I find deep spirituality in Benedictine practices. Looking back, my path here seems like a straight line (former atheist, former Protestant evangelical in the Reformed tradition, now an oblate at a Catholic Benedictine monastery) — everyone can pick one of those stages as the worst possible existence.
Wil Derkse writes about how a practice that was developed for monks living communally as the Roman Empire was disintegrating (around 500 AD) can have any validity for today in the practice of oblate monasticism.
In discussing the answer Derkse gives one response by recounting “perhaps [a] rather frivolous, .... apocryphal anecdote about the great physicists Niels Bohr and Albert Einstein. Einstein visited Bohr in his summer home on the Danish coast. He noted that above the entrance, according to local usage, there was a horseshoe, supposedly to bring good luck to the dwellers of the house. “Niels,” he says, “as a physicist you certainly don't believe that such a horseshoe does any good, and that it might influence the course of events?” Bohr answered: “No, of course I don't believe that, but I have heard that it also works if you do not believe in it.”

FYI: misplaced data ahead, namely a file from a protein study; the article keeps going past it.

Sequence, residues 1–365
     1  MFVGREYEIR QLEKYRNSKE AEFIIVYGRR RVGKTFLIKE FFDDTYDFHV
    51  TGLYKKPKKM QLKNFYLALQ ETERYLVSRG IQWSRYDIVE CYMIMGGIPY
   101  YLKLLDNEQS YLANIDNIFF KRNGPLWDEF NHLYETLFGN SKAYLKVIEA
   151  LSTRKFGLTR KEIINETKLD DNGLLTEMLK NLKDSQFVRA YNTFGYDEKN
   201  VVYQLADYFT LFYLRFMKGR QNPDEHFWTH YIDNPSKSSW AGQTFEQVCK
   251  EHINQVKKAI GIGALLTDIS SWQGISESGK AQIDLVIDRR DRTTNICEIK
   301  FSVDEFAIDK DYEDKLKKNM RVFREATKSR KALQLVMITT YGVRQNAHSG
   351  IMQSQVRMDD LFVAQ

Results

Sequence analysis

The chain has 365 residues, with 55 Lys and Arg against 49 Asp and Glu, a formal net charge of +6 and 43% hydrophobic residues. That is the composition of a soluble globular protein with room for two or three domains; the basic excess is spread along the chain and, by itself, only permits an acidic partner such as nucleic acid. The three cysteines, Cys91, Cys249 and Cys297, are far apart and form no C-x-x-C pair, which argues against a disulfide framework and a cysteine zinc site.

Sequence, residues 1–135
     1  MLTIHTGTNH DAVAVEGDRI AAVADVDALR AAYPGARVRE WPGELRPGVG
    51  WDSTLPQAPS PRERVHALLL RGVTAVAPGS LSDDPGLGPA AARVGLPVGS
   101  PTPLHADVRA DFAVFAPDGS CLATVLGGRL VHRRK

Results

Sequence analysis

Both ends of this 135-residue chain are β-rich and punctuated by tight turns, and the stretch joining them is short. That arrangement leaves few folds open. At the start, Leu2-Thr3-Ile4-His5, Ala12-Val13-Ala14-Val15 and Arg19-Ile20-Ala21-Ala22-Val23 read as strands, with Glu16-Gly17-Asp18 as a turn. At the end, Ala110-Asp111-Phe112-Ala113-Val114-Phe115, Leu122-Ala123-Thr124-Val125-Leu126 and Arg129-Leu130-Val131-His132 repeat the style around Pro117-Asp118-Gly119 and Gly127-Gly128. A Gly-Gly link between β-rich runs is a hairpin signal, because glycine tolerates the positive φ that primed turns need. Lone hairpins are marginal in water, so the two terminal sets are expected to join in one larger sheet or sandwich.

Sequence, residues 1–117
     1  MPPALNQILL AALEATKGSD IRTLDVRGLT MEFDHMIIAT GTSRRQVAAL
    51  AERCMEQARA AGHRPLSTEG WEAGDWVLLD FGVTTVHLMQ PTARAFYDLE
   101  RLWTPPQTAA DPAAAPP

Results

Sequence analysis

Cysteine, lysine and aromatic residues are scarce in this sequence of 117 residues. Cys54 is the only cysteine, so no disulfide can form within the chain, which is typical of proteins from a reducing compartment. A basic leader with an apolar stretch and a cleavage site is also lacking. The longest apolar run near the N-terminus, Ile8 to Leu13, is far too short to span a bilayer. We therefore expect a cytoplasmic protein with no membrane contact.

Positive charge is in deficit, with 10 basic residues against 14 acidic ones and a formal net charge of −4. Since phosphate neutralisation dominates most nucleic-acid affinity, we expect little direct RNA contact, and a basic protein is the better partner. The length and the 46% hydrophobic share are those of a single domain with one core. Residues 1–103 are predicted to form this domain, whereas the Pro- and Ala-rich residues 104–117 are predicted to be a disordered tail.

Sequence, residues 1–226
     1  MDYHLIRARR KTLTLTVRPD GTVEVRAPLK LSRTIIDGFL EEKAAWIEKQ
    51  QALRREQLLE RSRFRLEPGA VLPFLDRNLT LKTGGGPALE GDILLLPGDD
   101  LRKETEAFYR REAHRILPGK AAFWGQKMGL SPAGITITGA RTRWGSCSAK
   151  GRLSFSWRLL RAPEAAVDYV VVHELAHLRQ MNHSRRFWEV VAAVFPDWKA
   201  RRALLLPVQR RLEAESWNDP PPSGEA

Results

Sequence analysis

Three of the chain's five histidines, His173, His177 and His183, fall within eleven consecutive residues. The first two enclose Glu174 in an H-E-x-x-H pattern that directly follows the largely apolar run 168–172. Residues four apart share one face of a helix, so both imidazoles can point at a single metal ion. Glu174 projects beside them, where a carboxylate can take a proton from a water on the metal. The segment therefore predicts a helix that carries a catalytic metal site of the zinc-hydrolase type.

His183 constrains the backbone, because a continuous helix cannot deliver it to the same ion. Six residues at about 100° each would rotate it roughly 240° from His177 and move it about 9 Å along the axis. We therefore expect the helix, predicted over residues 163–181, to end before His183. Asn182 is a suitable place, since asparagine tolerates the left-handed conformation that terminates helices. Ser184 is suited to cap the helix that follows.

Above quote from: "The Rule of Benedict for Beginners," by, Liturgical Press, 2003
I recommend the book here.